Every now and again it’s good to wipe your operating system, whether because you want to update it to get more out of your PC, or simply because you want a change of scenery. If you are in either of these situations, there is an easy way to install two operating systems, so that you can dual boot and have the option to choose between the two, and thus enjoy what each system has to offer, according to your needs. One of the best combinations is to run Linux and Windows, so here we’ll explain how to install both Windows 7 and Ubuntu 12.10, the latest version of the OS from Canonical, on the same computer.
We’re going to start with a completely clean install, so the first thing you should do is save the data from your previous Windows installation, or from whichever other operating system that you have. If you’re installing it because you’re system died, and you can’t access your data, you can use a live CD of Ubuntu 12.10, which allows you to run the OS from the CD without having to install it.
If you are working on a computer without an optical drive, or you simply want to save the money from buying the disc, you can run Ubuntu from a USB flash drive by using the software LinuxLive USB.
Another factor to keep in mind is that you first install Windows, and then Ubuntu, because if you leave Microsoft’s operating system for last, it will try to take over when Linux boots, and Linux will become practically invisible. Although it’s very efficient, Windows is also very jealous, and doesn’t like coming last.
Once you’re data is backed up, the next step is to install Windows 7 using the installation disc, just like normal. Once this is done, and Windows has been booted for the first time, you will take the next step in which you make enough disc space to install Ubuntu. Go to the Start menu, right click on Computer, and click Manage.
Next, in the Computer Management window, select Disk Management, and then right click on the disk where you’re going to install Ubuntu. Then, click Shrink Volume to make space for the second operating system.
You will have to decide how much space to leave for each operating system. If you are only going to use them for basic tasks, then 25 GB would be more than enough for each one. In the window you opened, you can select how much space you’ll leave for Ubuntu in the physical partition where you have Windows 7 installed.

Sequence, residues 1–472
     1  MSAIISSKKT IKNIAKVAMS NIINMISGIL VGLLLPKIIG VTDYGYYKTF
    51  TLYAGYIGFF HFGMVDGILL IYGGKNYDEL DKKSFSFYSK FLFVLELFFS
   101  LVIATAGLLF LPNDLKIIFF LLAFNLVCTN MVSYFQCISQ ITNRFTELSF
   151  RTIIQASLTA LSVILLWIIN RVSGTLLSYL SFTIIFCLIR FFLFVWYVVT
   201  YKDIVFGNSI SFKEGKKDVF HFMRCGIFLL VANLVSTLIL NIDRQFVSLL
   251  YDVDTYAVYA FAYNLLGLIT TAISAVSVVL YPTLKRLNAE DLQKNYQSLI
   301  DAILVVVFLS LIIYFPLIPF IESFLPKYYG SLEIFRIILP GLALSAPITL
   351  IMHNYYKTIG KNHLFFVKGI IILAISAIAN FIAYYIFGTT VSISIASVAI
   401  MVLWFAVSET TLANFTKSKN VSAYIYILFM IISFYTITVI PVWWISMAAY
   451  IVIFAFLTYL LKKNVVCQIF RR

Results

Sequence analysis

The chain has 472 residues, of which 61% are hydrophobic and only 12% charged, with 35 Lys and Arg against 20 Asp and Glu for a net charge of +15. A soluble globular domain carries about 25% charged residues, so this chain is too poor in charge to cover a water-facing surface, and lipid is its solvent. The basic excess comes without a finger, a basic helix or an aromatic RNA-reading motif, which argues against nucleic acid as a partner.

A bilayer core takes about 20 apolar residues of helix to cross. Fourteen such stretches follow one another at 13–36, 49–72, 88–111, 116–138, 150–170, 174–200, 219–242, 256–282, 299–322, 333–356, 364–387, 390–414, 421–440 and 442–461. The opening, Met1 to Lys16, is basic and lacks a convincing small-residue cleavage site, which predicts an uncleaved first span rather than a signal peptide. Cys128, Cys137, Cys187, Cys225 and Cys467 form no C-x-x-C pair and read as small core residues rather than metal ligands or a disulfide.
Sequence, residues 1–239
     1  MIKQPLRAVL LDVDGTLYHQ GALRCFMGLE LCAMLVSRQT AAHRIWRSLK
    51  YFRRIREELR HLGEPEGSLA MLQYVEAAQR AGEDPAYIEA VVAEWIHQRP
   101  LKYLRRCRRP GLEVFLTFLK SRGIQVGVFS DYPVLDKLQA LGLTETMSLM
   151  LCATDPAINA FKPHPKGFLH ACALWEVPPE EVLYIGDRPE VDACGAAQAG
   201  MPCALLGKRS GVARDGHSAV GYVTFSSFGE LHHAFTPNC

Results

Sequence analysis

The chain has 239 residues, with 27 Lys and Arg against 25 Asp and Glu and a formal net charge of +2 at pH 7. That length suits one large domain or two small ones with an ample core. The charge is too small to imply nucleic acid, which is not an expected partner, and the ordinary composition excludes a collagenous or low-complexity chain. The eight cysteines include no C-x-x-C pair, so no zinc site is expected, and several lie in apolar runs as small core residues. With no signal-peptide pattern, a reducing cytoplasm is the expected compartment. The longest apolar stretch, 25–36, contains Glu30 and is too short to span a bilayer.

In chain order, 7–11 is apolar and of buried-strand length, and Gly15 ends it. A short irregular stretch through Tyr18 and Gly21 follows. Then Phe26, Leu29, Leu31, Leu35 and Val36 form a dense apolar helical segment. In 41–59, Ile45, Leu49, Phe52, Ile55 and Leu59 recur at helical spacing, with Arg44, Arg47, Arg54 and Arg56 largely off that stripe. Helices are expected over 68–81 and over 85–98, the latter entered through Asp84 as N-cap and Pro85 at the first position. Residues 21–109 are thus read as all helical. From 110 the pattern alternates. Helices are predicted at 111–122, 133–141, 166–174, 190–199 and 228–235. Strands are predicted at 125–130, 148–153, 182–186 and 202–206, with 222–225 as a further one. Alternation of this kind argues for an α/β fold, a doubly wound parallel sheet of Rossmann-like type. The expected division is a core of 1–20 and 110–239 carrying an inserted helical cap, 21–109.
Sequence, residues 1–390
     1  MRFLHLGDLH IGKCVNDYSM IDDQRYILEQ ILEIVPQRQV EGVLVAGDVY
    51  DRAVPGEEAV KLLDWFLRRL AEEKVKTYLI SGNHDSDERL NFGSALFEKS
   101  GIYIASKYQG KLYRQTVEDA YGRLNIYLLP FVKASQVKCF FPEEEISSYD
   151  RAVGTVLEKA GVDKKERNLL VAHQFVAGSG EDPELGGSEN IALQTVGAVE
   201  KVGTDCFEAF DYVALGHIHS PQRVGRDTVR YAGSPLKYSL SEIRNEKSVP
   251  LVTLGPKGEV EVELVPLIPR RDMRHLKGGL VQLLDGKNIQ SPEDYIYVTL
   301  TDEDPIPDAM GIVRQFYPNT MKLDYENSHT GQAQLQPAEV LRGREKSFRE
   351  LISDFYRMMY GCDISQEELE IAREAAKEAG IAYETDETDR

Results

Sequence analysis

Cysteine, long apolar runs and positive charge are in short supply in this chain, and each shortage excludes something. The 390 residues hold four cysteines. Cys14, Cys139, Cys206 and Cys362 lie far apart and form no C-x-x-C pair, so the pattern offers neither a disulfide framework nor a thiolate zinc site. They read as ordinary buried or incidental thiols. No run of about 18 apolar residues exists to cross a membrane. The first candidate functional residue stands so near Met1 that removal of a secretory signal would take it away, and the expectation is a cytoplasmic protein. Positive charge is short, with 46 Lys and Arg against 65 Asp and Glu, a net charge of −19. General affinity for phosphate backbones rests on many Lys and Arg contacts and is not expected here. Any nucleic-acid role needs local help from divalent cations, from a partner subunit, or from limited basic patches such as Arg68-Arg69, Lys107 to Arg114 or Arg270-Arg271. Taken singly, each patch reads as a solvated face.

Once once you have shrunk the partition, restart your computer with the Ubuntu CD or Live USB. When the first menu appears, select the option to Install Ubuntu.
In the next step, you will select the type of installation, and you’ll do the installation manually to make sure the two operating systems work best together, and that there aren’t any problems if one partition deletes the other during the automatic setup process. Click on Something Else.
That being said, the latest Linux distributions are capable of automatically detecting an existing Windows system, and will ask you if you want to automatically create a partition. But, since every computer is different, and often times this doesn’t happen, it’s recommended that you do the process by hand, as we’ll explain below.
Next, the partition manager window will open, and in the space you made available in the previous steps, you are going to create three partitions:
- One for the operating system in ext4 format, with the mount point in “/”.
- Another for your personal folder, also in ext4 format, and mounted in “/home” to keep it separate from the rest of the system data in case there is a problem.
- And finally, one for the swap area, which is a necessary partition in any Linux operating system. You don’t have to specify the mount point, and the same swap area can be used for various different installations of Linux on the same PC.
In this example, Windows is installed on a different hard drive than where Ubuntu is going to be installed, but the process is exactly the same, because, even though you only have one hard drive, you create different virtual hard drives when you partition it.
The next and last step is to select the partition that you have mounted in “/”, and then click on Install Now. Once the Ubuntu installation process is complete, and you restart your computer, you can use two different operating systems, and choose between the two using the Grub menu that the Linux distribution has added to Windows 7.
And just like that, you can now use the software that these two operating systems offer on the same computer, each operating system for a different purpose.
Download Ubuntu 12.10 on Uptodown